Theatre Royal, Windsor
Sitting in an theatre surrounded by a capacity audience of schoolchildren is perhaps the best place to enjoy the magic of pantomime and the Theatre Royal in Windsor was buzzing with the youngsters’ anticipation as this year’s family friendly Aladdin was about to start.
Written and directed by Steven Blakeley, who is also most impressive as the panto dame Widow Twankey, this is a wholesome traditional panto that has something for everyone.
From the beginning of the overture, the kids were clapping along with sheer enthusiasm and this promised to be a truly fun show, and indeed it was.
It was quite a surprise to see Peter Duncan of Blue Peter fame and the ex-chief scout playing the evil Abanazar, but he was imposing and appeared to be relishing every moment of being truly wicked as he taunted the kids to boo him, which they did with increasing frenzy.
Returning for his fourth Windsor pantomime is the excellent Kevin Cruise playing Wishee Washee. He has an excellent rapport with the audience and is a true asset, cheered by the audience with every appearance.
Giovanni Spano is splendid as Aladdin and has a strong singing voice. He falls in love with Princess Jasmine, the delightful Jasmine Gur, and their romance blossoms despite all the odds. Their interpretation of “Call me Maybe” is dazzling.
Adding some knockabout comedy and some nifty dance moves are Twist and Pulse, the runners-up in Britain’s Got Talent, as PC Hip and Hop, and they certainly live up to their names.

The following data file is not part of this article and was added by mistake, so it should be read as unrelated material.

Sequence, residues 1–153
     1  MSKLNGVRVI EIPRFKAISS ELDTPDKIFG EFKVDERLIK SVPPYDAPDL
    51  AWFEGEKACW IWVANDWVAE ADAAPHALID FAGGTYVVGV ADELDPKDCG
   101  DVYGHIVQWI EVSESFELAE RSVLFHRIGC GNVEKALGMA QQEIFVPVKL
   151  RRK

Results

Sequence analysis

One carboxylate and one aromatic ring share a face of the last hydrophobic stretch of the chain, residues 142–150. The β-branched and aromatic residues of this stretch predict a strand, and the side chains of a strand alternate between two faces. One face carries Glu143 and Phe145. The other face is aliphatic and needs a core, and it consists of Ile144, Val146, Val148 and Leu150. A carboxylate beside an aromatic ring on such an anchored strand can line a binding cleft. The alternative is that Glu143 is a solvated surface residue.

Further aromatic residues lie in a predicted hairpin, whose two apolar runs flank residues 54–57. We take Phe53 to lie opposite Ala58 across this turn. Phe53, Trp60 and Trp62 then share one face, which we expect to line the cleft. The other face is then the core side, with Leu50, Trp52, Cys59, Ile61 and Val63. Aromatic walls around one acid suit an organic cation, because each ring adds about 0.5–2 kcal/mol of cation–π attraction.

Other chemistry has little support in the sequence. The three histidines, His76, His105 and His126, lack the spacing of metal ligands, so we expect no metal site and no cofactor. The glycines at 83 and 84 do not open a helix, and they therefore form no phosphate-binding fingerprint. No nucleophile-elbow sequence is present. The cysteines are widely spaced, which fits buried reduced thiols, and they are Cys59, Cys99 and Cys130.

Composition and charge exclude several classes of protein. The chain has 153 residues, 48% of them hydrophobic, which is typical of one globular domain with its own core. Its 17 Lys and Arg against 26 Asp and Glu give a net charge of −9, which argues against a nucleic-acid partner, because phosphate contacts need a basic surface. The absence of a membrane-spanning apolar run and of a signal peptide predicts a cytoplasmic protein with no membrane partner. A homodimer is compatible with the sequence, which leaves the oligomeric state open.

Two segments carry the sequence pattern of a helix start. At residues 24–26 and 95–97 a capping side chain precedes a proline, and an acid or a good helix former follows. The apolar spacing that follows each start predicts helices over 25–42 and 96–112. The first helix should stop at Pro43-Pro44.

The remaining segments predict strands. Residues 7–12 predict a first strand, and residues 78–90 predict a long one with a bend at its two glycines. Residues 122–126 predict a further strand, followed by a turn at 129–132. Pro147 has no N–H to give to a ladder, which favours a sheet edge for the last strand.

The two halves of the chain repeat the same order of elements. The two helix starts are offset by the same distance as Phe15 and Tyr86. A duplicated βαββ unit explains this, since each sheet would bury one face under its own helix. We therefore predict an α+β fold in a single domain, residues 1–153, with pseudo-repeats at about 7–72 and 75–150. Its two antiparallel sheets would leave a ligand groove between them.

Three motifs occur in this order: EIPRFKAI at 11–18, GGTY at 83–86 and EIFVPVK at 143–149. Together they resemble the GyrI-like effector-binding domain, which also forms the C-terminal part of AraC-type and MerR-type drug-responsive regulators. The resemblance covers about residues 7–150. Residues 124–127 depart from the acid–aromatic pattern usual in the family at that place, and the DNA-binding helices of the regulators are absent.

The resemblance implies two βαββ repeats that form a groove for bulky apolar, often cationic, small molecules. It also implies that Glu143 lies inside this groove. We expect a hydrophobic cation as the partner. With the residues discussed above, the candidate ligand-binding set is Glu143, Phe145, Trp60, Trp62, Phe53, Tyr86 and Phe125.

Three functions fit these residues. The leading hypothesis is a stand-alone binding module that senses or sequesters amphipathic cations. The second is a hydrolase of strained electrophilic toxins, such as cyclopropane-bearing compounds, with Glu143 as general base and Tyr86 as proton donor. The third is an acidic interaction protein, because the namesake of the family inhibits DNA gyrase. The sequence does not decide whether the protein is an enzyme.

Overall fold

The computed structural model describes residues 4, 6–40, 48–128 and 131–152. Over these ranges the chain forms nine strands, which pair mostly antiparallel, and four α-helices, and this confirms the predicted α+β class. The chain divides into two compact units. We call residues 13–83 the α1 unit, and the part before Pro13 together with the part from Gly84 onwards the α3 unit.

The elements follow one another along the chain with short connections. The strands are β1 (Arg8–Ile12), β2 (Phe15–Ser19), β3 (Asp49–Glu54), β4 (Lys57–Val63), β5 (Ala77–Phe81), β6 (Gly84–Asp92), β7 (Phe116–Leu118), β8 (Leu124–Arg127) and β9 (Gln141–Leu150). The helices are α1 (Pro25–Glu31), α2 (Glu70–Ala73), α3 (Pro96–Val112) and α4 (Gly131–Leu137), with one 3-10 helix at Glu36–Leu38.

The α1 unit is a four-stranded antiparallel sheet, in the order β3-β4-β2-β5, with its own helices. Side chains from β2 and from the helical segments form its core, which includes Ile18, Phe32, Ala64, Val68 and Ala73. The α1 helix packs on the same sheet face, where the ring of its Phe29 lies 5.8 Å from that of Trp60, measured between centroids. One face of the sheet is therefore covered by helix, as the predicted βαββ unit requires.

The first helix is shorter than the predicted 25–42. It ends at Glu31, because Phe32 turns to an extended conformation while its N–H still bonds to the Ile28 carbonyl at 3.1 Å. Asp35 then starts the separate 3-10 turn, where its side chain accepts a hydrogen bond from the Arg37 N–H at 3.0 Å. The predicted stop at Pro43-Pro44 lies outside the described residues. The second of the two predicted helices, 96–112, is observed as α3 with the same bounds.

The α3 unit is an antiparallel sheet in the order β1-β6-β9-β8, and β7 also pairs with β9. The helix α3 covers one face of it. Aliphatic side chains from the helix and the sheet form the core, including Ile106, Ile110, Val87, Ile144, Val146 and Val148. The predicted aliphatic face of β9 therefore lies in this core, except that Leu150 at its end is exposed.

The cheeky Genie of the Lamp is none other than Basil Brush—boom boom—the foxiest of foxes who quickly becomes the kids' favourite.
Michael Winsor is the pompous, lisping Emperor who only wants the best for his daughter. Making her panto debut, the renowned chef Rosemary Shrager is the assertive Empress.
There is a truly messy slosh scene in Window Twankey’s laundry with help from a teacher from the audience, but Wishee Washee still manages to come off worst and covered in suds.
Kevin Cruise led a whirlwind tour around the world with a variety of songs from “I would walk 500 miles” from Scotland, with the cast resplendent in kilts, to an Irish “Riverdance” number, a trip to Sweden to meet Abba and a Zorba the Greek plate smashing hoot. And the whole audience simply had to be up on their feet, participating it was tremendous fun and infectious.
All the favourite panto ingredients are there, oodles of audience participation including the now time-honoured Theatre Royal interpretation of “The Twelve days of Christmas”, but watch out for the twelve gallons of water and a magical flying carpet sequence that soars to the stars that brought gasps from the audience.
There is stellar support from the talented ensemble who dance and performe with passion, inventively choreographed by Dede McGarrity, and the junior performers are superb.
Musical director Lindsey Miller provides the lively modern pop score and, with a splendid colourful set and costumes, this is the perfect start to the festive season. Oh yes it is.
Reviewer: Robin Strapp